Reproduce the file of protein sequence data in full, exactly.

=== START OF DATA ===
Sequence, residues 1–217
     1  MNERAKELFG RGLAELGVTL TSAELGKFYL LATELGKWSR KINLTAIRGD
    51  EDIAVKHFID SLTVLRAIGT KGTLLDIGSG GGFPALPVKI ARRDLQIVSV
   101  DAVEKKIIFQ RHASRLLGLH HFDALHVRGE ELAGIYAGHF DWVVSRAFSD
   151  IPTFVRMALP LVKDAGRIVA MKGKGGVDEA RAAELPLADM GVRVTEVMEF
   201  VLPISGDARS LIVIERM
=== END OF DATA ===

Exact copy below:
Sequence, residues 1–217
     1  MNERAKELFG RGLAELGVTL TSAELGKFYL LATELGKWSR KINLTAIRGD
    51  EDIAVKHFID SLTVLRAIGT KGTLLDIGSG GGFPALPVKI ARRDLQIVSV
   101  DAVEKKIIFQ RHASRLLGLH HFDALHVRGE ELAGIYAGHF DWVVSRAFSD
   151  IPTFVRMALP LVKDAGRIVA MKGKGGVDEA RAAELPLADM GVRVTEVMEF
   201  VLPISGDARS LIVIERM